Based at the ice free port of Ventspils in Latvia, the company’s main services include the transhipment of gas oil and gasoline delivered by pipeline and railway, and the extensive quality analysis of crude oil and petroleum products in its laboratory to assure product integrity.
The business has an extensive history dating back to 1955 when, upon recognising the importance of Ventspils as a key transportation point for various cargoes between the East and West of Europe, the government of the former Soviet Union decided to build an oil export facility at the site.
Operations commenced in September 1961 and since that time the terminal has continued to expand, notably in 1974 when it established its key crude oil pipeline from the Russian oil fields. With the fall of the Soviet Union in the 1990s, and the subsequent regaining of independence for the Republic of Latvia, Ventspils Nafta Terminals became a privately run company, and a series of significant upgrades have taken its storage capacity to its current level of nearly 1.2 million cubic metres.
The company’s basic activity is the storage of petroleum products in tanks, and its ultimate transhipment to tankers for customers. Diesel petrol has been delivered directly by pipeline since 2007. One of Ventspils Nafta Terminals’ key strengths is its excellent storage and handling capacity, with the park currently consisting of 105 shoretanks with a capacity for crude oil and petroleum product storage of 1,195,000 cubic metres, coupled with being connected to an excellent logistics infrastructure (pipeline, railways, ice free deepwater). This capability exceeds many competing storage and handling facilities in the market and places Ventspils Nafta Terminals in a leading position in the region by allowing it to work closely with clients to plan their crude oil and oil products storage/consignment schedules more effectively.
Speaking to European Oil and Gas Magazine around a year ago, Vilnis Riekstins, operations director at the business, elaborated on its operations: “The terminal operates with tanks that range from 5000 to 50,000 cubic metres in size. Our pipeline connections are linked to Byelorussian and Russian refineries, and the terminal operates with four loading berths for tankers, where simultaneous operations can be carried out on four vessels with various grades of petroleum products.”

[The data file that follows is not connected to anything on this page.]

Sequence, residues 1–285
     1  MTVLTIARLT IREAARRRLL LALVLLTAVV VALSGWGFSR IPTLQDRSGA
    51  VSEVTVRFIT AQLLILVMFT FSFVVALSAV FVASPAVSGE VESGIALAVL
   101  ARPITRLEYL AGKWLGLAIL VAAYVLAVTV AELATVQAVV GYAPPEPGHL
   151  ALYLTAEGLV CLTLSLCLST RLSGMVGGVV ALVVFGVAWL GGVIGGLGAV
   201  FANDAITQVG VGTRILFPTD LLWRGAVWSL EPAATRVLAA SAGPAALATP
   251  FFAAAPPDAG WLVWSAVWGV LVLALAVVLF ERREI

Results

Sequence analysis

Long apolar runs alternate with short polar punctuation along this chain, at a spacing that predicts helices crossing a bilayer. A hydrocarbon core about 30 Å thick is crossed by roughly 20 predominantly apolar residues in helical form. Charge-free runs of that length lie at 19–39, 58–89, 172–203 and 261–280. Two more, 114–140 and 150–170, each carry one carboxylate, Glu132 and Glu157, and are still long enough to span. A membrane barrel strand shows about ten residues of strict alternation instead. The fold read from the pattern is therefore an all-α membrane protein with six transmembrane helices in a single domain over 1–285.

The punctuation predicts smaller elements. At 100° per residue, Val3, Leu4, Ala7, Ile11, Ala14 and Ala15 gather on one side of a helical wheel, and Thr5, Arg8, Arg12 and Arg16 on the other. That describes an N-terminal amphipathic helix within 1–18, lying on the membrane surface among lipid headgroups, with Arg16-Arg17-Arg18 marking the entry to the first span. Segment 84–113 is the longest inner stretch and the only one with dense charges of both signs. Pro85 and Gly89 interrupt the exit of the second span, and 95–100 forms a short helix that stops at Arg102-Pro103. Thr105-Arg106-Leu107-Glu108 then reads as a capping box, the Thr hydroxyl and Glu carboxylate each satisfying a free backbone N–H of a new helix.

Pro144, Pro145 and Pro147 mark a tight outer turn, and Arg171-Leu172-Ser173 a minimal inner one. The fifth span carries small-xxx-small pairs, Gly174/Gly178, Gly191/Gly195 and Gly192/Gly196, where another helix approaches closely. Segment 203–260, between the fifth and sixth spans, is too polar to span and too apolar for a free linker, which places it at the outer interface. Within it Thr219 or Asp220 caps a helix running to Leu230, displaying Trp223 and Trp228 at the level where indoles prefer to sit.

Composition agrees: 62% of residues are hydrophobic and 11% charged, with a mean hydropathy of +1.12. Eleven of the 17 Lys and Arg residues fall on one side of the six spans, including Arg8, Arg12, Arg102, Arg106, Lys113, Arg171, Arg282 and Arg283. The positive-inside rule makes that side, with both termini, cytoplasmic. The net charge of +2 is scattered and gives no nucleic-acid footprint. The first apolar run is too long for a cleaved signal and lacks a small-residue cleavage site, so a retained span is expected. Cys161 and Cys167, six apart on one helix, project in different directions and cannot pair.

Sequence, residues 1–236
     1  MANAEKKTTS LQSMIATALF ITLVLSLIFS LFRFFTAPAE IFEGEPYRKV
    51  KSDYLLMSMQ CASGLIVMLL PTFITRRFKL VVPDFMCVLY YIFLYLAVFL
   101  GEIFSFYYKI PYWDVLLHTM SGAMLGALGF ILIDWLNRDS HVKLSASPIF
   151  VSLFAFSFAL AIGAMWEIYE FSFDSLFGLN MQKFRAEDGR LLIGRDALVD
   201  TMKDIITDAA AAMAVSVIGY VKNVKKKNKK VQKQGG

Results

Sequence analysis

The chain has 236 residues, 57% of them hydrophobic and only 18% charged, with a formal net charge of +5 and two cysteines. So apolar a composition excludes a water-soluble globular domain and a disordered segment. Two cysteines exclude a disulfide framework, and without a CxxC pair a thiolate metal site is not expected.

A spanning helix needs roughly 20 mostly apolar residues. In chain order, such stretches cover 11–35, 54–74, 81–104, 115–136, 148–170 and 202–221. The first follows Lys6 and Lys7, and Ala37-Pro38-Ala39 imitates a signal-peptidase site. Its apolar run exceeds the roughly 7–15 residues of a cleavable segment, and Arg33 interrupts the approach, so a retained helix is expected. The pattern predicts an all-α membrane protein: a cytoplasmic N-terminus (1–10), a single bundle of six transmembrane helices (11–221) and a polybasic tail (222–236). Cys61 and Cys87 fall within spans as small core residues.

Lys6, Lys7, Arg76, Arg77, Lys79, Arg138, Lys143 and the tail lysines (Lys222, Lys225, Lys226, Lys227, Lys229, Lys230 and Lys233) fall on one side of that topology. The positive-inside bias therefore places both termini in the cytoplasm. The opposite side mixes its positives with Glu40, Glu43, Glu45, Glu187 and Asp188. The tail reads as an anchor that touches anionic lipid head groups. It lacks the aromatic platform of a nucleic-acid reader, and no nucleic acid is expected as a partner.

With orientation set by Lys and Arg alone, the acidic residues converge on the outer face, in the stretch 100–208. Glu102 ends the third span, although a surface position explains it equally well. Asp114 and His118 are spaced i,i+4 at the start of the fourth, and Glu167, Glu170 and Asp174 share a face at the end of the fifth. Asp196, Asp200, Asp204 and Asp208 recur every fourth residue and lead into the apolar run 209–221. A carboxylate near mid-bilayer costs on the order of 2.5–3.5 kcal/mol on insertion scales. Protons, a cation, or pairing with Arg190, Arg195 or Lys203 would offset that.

Since the business was last featured in this publication it has achieved considerable success, with 2011 seeing a significant increase in business. In fact, last year its transhipment volumes of petroleum products increased considerably, with the company transhipping 11.37 million tons of cargo, which is equivalent to 26 per cent more than in 2010. The vast majority of this increase was made up of diesel fuel, which contributed about 85 per cent in total, although the increase in volume showed a stable growth in all areas.
This growth comes in spite of the global economic situation not being positive and the demand for petroleum products fluctuating periodically. In order to minimise the effects of this the terminal has been working especially hard, as Lars Pantzlaff, general director, admitted on the company’s website: “We have been able to ensure safe, efficient and successful operation,” he explained. “In order to ensure continuity of all processes the terminal works 24 hours a day, seven days a week.”
To maintain this kind of success the terminal remains committed to continuous programmes of improvement in various areas of the business, which Lars elaborated on when previously speaking with us: “In recent years the company has greatly adopted the idea that change is an inevitable occurrence in today’s business environment, and that in order to remain at the heart of an ever-changing world it needs think ahead to be competitive. To achieve this it takes a concerted effort across the board in terms of making continuous infrastructure upgrades, investing in and establishing new services, investments in employee’s professional development, and maintaining good business practices.”
An excellent example of this is the considerable investment that the company made in transforming the relatively old terminal into a fully automated system. Just over a decade ago the large majority of the terminal’s 2000 valves and its network of pumps were still manually operated by employees, so this conversion and upgrade represented a considerable undertaking. More recently the business has merged its three separate control rooms into one in order to provide better controls and work flow influences, continued its programme to install new loading arms, and has worked tirelessly to improve and optimise its operation processes and procedures by developing new added-value services and increasing workforce efficiency. In 2012 several projects, such as new pump stations to facilitate future operational flexibility, are well under way.
Looking to the future the business will continue to implement new or expand added-value services, such as blending (attracting new product types by mixing different petroleum products) and butanization (gaining content of gasoline required in particular world markets by mixing motor gasoline with liquid butane). Looking further ahead, Ventspils Nafta Terminals hopes to begin construction of a new pipeline corridor and vapour recovery system at the berths in order to stimulate further growth. For such a proactive business that remains dedicated to continuously improving its services, achieving this success should present little challenge.
Ventspils Nafta Terminals
Services: Crude oil services